Therefore, it is an object of this invention to provide a screw and driving tool requiring low end pressure during a driving operation.
Another object of this invention is to provide a screw and driving tool which will balance the strength of the driving tool and of the screw.
An additional object of this invention is to provide a screw and driving tool that will operate equally well for driving the screw in either direction.
Still another object of this invention is to provide a screw and driving tool that will not form burrs in the top surface of the screw.
Yet another object of this invention is to provide a screw and driving tool that will enable torque settings for screws of larger sizes.
A still further object of this invention is to provide a screw and driving tool which will be usable for an indefinite number of operations.
The deficiency most often encoun- 2,764,197 Patented Sept. 25, 1,956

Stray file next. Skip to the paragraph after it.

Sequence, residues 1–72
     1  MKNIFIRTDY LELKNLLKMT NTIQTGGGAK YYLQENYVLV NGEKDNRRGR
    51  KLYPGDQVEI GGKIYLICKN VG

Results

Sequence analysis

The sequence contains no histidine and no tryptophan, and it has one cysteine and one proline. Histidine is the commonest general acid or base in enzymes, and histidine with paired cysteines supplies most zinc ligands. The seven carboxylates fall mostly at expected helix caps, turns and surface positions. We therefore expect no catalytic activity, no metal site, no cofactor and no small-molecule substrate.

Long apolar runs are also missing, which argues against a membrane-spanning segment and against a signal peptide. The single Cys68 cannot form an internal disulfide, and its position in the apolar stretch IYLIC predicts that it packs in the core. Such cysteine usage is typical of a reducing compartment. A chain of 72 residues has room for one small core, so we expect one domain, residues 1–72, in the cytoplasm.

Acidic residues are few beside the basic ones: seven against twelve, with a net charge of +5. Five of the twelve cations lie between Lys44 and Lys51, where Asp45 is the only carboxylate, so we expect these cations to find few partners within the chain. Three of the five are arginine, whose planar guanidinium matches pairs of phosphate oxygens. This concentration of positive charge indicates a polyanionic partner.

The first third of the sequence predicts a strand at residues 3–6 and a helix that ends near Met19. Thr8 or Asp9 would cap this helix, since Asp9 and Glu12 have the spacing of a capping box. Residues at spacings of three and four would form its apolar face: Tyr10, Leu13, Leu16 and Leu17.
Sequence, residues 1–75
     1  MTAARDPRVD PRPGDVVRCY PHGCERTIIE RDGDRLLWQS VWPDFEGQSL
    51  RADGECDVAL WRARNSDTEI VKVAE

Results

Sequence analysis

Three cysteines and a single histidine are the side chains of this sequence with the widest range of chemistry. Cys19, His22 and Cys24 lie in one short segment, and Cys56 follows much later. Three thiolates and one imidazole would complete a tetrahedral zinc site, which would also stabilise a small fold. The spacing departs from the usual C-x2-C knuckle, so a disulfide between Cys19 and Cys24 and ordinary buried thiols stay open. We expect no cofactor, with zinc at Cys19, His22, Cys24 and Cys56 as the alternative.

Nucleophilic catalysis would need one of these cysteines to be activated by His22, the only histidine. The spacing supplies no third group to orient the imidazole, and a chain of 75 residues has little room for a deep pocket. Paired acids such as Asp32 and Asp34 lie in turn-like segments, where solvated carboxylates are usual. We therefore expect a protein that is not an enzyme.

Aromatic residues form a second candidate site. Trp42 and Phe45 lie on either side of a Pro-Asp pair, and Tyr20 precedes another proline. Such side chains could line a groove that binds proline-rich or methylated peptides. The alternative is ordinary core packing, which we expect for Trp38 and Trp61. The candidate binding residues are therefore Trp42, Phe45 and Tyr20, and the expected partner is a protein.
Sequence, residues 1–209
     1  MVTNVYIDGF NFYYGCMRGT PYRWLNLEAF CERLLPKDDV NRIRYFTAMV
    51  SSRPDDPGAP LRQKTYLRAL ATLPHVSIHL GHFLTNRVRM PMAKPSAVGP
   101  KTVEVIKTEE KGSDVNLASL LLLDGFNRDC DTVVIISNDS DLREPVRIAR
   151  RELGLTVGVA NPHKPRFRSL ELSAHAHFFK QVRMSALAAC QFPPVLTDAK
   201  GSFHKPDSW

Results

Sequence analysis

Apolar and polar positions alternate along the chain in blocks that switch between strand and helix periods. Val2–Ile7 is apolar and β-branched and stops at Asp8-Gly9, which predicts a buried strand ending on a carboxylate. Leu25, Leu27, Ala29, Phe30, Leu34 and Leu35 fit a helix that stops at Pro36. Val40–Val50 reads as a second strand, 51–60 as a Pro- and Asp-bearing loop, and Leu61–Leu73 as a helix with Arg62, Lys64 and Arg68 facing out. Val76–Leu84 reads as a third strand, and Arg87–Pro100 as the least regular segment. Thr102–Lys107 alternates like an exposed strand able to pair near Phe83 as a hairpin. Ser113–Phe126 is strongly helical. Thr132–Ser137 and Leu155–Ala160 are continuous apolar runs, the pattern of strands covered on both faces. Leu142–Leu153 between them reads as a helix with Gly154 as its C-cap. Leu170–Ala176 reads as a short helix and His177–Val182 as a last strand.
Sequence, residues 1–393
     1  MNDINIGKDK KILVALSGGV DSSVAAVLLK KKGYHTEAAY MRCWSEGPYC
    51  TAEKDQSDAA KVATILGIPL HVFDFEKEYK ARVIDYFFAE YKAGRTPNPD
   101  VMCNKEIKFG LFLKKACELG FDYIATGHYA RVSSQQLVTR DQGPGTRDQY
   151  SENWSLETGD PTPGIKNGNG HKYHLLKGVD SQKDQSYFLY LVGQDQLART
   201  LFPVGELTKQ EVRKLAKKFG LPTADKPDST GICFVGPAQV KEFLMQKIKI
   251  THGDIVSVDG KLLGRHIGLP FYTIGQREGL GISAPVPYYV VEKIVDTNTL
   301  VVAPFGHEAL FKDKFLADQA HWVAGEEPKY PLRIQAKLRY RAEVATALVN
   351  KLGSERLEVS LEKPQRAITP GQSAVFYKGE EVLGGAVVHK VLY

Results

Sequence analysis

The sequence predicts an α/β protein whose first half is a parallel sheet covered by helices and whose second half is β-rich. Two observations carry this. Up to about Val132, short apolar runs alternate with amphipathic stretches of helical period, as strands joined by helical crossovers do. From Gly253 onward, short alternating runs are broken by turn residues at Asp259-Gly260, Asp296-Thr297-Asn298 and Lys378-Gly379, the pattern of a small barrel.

These and other objects of this invention will become apparent from the following detailed description taken in connection with the accompanying drawings in which:
Fig. 1 is a top plan view of the cross-slot screw,
F Fig. 2 is a sectional view taken along line 2-2 of ig. 1, p
Fig. 3 is a side elevation of the driving tool,
Fig. 4 is a sectional view along line 4-4 of Fig. 3-,.
Fig. 5 is a side elevation of the screw and driver during a driving operation,
Fig. 6 is a sectional view taken along line 66 of Fig. 5, and
Fig. 7 is a sectional view taken along line 7-7 of Fig. 5. l
Referring to the drawings, and particularly to Figs. 1 and 2, screw 1 may be of the flathead type having head portion 2 with a threaded shank 3. The screw is provided with a driving socket or slot 4 in the central portion of the head. The slot includes four driving recesses 5 which meet at the central i part of the screw. The recesses are equally spaced around the top of the screw. Although illustrated'in a; generally cruciform shape wherein four driving recesses are employed, this screw could be constructed with more or less recesses without departing from the scopeof the invention. Each recess 5 has two side walls 6 and 7 which are parallel to the axis of the screw and extend radially outward from the center of the screw. The re cesses are further defined by end walls 8 which converge downwardly and constitute the bottom of the slot, as best shown in Fig. 2. Y